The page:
Moving to the Best Neighborhood
When you buy or rent a home, you’re choosing more than the home. You get proximity to shops and parks, access to schools, and public services like police and fire protection. Perhaps most importantly, you choose your neighbors.
Our neighbors can affect us in many ways. Neighbors determine local crime, whether grocery stores invest in the area, and how our kids’ peers behave. Economists call these externalities - side effects on us that our neighbors didn’t intend and don’t think much about. As a gross generality, richer neighbors typically help with positive externalities and poorer neighbors can drag us down with negative externalities. That’s why we move to the best neighborhood we can “afford.”
Why do “rich” neighborhoods even exist? Imagine a new city forming around a natural spring, or some other attractive feature. Inhabitant 1 would build her house next to the spring. Inhabitant 2 could build his house a little further from the spring or, if he has money, could buy Inhabitant 1’s house from her (and she would move a little further from the spring). As each successive new person moved to the area, they would buy the closest house to the spring that they could afford. With each new arrival, the inhabitants would re-shuffle, always with the poorest person furthest from the spring and the richest person nearest the spring.
Eventually, the city might provide water, and everybody might forget about the spring. But that wouldn’t stop income sorting. If richer neighbors are desirable (because they provide positive externalities), a new person moving to the town would still locate as close as possible to the spring.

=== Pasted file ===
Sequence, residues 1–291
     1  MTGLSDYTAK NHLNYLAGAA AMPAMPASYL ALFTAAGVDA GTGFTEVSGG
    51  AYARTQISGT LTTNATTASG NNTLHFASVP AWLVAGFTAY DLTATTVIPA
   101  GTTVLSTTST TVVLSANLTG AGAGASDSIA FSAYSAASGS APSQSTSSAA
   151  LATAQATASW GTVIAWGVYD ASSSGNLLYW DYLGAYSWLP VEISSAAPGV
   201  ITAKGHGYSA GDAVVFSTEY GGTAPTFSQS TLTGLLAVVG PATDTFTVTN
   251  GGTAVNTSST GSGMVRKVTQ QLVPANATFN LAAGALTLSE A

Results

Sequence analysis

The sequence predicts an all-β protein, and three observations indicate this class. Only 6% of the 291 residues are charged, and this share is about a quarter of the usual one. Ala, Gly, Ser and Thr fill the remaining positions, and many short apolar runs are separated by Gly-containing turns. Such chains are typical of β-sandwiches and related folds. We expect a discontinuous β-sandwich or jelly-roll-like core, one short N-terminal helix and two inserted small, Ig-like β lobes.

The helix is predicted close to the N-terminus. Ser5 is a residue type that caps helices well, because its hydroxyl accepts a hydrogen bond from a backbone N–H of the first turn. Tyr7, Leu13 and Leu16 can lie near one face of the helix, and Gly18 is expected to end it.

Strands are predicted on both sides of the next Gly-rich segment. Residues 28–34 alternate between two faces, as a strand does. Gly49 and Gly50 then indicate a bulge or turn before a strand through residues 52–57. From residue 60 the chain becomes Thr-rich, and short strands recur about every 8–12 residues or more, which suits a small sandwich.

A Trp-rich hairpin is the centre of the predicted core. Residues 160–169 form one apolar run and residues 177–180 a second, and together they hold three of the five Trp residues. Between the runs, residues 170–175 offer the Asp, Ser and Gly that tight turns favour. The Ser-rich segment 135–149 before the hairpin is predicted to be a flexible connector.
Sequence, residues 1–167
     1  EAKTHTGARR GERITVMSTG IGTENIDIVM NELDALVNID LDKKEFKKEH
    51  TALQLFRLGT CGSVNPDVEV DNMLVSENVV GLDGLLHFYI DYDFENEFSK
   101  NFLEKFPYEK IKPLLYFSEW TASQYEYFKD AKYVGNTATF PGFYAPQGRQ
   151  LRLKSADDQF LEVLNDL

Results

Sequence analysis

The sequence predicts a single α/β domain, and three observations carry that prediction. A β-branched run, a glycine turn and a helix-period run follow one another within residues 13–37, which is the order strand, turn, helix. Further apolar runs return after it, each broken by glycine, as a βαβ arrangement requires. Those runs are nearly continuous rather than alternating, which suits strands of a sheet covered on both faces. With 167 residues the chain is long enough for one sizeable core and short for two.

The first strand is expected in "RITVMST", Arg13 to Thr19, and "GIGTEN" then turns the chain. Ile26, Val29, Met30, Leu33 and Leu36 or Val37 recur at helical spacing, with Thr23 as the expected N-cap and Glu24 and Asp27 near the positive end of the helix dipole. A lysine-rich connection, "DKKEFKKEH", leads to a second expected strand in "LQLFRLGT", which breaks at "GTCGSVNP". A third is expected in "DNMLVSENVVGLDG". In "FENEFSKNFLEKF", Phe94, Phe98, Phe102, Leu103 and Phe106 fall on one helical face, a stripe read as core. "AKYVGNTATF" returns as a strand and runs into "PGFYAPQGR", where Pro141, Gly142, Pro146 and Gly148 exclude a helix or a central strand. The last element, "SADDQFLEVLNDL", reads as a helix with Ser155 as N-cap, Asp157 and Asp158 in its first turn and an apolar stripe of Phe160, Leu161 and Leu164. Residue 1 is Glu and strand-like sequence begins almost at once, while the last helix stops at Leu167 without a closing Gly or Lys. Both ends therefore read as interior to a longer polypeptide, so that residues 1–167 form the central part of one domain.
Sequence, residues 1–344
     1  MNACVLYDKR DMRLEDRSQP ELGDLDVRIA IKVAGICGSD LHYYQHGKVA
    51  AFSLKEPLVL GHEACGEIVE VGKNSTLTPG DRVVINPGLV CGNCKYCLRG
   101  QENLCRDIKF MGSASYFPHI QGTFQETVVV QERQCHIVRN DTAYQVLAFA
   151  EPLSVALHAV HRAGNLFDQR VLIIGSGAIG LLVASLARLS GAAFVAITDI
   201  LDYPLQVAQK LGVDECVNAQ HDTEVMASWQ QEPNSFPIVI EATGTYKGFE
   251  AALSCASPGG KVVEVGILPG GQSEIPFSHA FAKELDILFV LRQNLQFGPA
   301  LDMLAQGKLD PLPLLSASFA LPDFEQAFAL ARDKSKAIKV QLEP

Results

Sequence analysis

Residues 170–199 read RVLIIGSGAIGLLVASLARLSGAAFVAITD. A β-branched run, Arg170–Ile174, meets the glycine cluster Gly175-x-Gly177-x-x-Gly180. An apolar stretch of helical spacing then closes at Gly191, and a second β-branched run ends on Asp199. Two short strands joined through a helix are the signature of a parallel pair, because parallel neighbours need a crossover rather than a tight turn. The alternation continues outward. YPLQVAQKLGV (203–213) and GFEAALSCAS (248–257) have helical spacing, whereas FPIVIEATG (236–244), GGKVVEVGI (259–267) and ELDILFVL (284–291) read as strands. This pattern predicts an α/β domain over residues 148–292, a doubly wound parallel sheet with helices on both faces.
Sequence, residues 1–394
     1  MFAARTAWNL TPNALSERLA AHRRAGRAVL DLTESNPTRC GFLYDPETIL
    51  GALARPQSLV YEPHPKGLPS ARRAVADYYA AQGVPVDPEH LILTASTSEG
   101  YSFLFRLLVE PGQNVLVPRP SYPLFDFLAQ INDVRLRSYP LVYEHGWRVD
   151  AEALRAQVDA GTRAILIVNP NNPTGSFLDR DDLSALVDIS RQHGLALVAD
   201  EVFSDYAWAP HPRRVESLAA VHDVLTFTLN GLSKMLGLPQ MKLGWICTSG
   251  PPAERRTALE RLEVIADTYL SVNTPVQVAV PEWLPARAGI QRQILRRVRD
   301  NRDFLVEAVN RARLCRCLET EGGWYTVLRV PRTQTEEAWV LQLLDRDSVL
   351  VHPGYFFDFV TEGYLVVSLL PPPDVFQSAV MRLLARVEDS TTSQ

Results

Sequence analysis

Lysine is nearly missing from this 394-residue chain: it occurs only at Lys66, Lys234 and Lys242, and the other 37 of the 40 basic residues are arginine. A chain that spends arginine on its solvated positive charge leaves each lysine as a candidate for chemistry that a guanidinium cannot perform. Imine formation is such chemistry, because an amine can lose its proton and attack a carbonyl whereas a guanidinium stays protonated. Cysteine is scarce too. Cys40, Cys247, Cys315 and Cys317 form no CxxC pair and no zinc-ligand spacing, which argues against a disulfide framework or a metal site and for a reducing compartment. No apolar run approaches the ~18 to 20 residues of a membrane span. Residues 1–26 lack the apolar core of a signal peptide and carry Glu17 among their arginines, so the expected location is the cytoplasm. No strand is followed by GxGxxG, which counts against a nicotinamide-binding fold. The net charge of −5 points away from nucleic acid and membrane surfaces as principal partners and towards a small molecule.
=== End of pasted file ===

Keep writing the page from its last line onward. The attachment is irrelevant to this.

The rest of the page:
But this is where Jesus starts yelling, “Woe!” The selfish economics of the world only cares about how my neighbors affect me, not how I affect my neighbors. What can my tax dollars buy for the neighbors?
Jesus says, “It is more blessed to give than to receive.” Somewhere else, “Woe to you who are rich, for you have already received your comfort.” God is called “a father to the fatherless, a defender of widows. God sets the lonely in families.”
If we want to drink from Jesus, the spring of living water, perhaps we should locate where he hangs out - in the poorest house at the edge of town, furthest from the world’s spring, where we can help.
Economics is an academic framework that is broadly used to study how (mostly selfish) people interact. In Biblical terms, economists study the ways of “the world.” Jesus responds, “Do not conform to the pattern of this world, but be transformed by the renewing of your mind” (Romans 12:2).
This article is one of several that present simple economic models of how everyday people interact and discuss how Christians could act differently.